Time monitoring

It’s really important, for your business records, to keep track of how much time you spend on each task or project. Even if you’re not charging an hourly rate, you can use the time taken on one project to estimate how much time a future similar project will fill.

You can use paper and pen to note down times as you work, or Excel: a recent CIEP forum post highlighted some Excel tips for time tracking (following Maya Berger’s excellent conference session on using Excel to manage your business). The Pomodoro Technique (covered in Part 1) lets you assign 25-minute blocks to each task, and then tally those blocks up at the end of the day.

A popular time tracker is Toggl Track (previously known as Toggl), which has a web version as well as desktop and mobile apps. The desktop version pops up regularly if you’re not tracking your time to prompt you to start; the easy-to-use reports (only accessible via a web browser) can be filtered to only show specific projects or specific timeframes; and you get a weekly email summarising what you’ve been doing (free and paid plans available).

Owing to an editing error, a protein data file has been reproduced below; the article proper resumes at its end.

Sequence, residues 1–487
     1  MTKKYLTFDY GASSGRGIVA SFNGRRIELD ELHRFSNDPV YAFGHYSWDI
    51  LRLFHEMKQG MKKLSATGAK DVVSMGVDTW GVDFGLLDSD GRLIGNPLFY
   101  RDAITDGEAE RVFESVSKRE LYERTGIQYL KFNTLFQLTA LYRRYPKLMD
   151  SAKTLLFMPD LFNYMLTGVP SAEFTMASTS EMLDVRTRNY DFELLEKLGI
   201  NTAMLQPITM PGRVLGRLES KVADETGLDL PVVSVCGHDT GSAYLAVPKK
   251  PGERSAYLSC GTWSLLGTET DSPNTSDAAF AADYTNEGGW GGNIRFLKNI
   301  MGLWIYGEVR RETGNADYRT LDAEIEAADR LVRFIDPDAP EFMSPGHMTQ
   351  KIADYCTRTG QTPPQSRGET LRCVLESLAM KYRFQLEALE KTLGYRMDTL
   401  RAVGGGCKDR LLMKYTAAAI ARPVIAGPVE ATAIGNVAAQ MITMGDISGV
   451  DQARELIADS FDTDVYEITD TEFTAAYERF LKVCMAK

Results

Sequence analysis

RescueTime is a desktop app that keeps an eye on what software you’re using (and which websites you’re visiting), and then categorises your activity – you can then finetune that and add more granular details if you wish. You can set goals and receive a weekly report. The premium (paid-for) version has distraction-blocking software, so can help you stay away from your favourite procrastination websites (free and paid plans available).